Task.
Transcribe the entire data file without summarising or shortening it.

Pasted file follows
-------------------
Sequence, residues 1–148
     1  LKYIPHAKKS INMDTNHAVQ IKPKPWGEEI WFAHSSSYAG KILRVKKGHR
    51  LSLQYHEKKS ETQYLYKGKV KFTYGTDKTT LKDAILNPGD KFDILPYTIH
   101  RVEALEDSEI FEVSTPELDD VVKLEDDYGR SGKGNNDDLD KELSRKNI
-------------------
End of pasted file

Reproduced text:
Sequence, residues 1–148
     1  LKYIPHAKKS INMDTNHAVQ IKPKPWGEEI WFAHSSSYAG KILRVKKGHR
    51  LSLQYHEKKS ETQYLYKGKV KFTYGTDKTT LKDAILNPGD KFDILPYTIH
   101  RVEALEDSEI FEVSTPELDD VVKLEDDYGR SGKGNNDDLD KELSRKNI